Stan Gregory was born in north London on 28 February 1926 and educated at the Polytechnic Secondary School on Regent Street.
He acquired his initial knowledge of meteorology while serving in the Navy towards the end of the Second World War. He then obtained a first in geography at King’s College London (1950), followed by an MA (1951) and a PhD (1952) at the University of Liverpool while working as an assistant lecturer.
Remaining at Liverpool until 1968, Professor Gregory was promoted to lecturer, senior lecturer and finally reader. He later moved to the University of Sheffield, where he remained until retirement, as professor of geography (1968-88), serving as dean of the Faculty of Social Sciences (1978-80) and pro vice-chancellor (1980-84) as well as taking visiting posts in Australia, Canada, India, Eastern Europe, Jamaica and a number of African countries.
A leading climatologist, Professor Gregory had a particular interest in the study of rainfall in subtropical and tropical regions and related issues of water resources. Yet he was probably better known as a leader of the “quantitative revolution” in geography.
To influence researchers and universities, he co-founded the Study Group on Quantitative Methods within the Institute of British Geographers. To make a similar impact in schools, he persuaded the Geographical Association to set up a Committee on Models and Quantitative Techniques in Teaching, and he became its first chair. He also promoted the “revolution” though a landmark 1963 textbook.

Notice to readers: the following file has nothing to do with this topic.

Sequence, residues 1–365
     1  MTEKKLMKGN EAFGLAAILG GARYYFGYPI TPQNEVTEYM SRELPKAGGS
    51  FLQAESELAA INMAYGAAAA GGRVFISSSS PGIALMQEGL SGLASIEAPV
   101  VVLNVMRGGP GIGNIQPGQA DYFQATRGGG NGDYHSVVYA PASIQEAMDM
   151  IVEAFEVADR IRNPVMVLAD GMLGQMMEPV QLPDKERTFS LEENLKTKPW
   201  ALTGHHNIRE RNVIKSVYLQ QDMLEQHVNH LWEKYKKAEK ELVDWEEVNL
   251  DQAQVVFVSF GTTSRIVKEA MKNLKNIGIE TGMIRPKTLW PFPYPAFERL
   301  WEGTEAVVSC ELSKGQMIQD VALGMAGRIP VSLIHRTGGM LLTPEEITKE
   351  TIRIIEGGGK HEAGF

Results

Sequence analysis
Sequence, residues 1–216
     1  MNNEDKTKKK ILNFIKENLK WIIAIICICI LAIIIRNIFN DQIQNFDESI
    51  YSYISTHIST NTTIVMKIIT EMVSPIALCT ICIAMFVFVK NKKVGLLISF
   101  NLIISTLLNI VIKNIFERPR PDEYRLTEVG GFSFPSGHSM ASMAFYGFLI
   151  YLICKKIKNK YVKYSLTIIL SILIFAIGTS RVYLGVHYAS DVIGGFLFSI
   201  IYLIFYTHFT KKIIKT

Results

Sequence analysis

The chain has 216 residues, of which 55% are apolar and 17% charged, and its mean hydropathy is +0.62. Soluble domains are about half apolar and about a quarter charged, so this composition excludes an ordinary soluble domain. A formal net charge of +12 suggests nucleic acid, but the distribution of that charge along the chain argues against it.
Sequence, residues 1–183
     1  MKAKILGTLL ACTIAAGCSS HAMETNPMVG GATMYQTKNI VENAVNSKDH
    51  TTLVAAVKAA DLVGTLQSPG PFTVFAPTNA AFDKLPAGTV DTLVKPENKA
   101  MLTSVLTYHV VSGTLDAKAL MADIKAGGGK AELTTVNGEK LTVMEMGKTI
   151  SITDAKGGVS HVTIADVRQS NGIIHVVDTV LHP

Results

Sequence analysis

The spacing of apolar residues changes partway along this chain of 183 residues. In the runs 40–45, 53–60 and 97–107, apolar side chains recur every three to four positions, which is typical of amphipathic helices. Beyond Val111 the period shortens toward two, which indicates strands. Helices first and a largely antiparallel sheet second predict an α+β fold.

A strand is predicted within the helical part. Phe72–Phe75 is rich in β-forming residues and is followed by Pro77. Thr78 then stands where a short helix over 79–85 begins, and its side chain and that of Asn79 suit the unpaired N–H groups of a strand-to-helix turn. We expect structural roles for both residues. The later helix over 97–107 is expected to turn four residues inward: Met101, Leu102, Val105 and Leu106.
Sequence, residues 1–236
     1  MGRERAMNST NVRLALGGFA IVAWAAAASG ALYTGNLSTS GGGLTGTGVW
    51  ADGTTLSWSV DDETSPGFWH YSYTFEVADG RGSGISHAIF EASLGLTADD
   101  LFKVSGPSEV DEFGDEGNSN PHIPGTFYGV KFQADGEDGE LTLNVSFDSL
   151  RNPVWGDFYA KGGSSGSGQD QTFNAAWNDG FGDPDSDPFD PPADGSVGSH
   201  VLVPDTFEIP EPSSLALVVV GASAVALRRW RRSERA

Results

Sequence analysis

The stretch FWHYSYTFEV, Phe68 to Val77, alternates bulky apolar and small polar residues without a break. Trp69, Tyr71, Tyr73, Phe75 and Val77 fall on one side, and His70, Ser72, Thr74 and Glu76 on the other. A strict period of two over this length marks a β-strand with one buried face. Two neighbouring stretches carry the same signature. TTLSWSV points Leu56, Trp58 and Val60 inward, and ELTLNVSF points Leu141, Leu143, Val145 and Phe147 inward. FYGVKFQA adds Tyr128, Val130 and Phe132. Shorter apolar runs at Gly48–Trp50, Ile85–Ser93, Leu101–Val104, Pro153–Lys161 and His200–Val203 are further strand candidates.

“Few textbooks have changed the practice of geography,” said Sir Paul Curran, the vice-chancellor of City University London, “but Stan’s Statistical Methods and the Geographer was one of them. I consider myself fortunate to have been taught by Stan as an undergraduate and supported by Stan as a junior colleague. He was an inspiration to me and, of course, his textbook is still on my shelf.”
In a eulogy at Professor Gregory’s funeral, Ron Johnston, former vice-chancellor of the University of Essex, recalled Professor Gregory as “a major agent for change in how geography was practised here in the UK” who was also a highly effective university administrator. His “quiet tact and great patience in negotiations” had proved great assets during a period of student unrest while he was pro vice-chancellor.
A keen and intrepid traveller, Professor Gregory recently celebrated his 90th birthday by visiting the site of the Palace of the Queen of Sheba in Oman. He died after a stroke on 8 April and is survived by his wife Helga, two daughters from an earlier marriage and three grandsons.